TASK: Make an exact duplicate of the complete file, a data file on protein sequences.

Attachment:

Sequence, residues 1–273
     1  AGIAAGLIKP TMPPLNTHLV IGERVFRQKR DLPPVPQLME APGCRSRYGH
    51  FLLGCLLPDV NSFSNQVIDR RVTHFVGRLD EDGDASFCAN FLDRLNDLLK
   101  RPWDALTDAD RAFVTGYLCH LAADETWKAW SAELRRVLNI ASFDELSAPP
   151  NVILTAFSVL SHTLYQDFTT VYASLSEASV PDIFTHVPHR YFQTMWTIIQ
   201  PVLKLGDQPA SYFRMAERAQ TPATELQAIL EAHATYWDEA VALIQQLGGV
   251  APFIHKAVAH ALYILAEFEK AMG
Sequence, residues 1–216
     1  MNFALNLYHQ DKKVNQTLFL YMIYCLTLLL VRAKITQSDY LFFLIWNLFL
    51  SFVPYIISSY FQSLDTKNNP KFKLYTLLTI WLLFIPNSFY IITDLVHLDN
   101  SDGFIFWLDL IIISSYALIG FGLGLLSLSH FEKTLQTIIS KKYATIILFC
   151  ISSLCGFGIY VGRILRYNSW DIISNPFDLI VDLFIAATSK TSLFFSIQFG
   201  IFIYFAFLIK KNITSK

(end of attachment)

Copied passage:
Sequence, residues 1–273
     1  AGIAAGLIKP TMPPLNTHLV IGERVFRQKR DLPPVPQLME APGCRSRYGH
    51  FLLGCLLPDV NSFSNQVIDR RVTHFVGRLD EDGDASFCAN FLDRLNDLLK
   101  RPWDALTDAD RAFVTGYLCH LAADETWKAW SAELRRVLNI ASFDELSAPP
   151  NVILTAFSVL SHTLYQDFTT VYASLSEASV PDIFTHVPHR YFQTMWTIIQ
   201  PVLKLGDQPA SYFRMAERAQ TPATELQAIL EAHATYWDEA VALIQQLGGV
   251  APFIHKAVAH ALYILAEFEK AMG
Sequence, residues 1–216
     1  MNFALNLYHQ DKKVNQTLFL YMIYCLTLLL VRAKITQSDY LFFLIWNLFL
    51  SFVPYIISSY FQSLDTKNNP KFKLYTLLTI WLLFIPNSFY IITDLVHLDN
   101  SDGFIFWLDL IIISSYALIG FGLGLLSLSH FEKTLQTIIS KKYATIILFC
   151  ISSLCGFGIY VGRILRYNSW DIISNPFDLI VDLFIAATSK TSLFFSIQFG
   201  IFIYFAFLIK KNITSK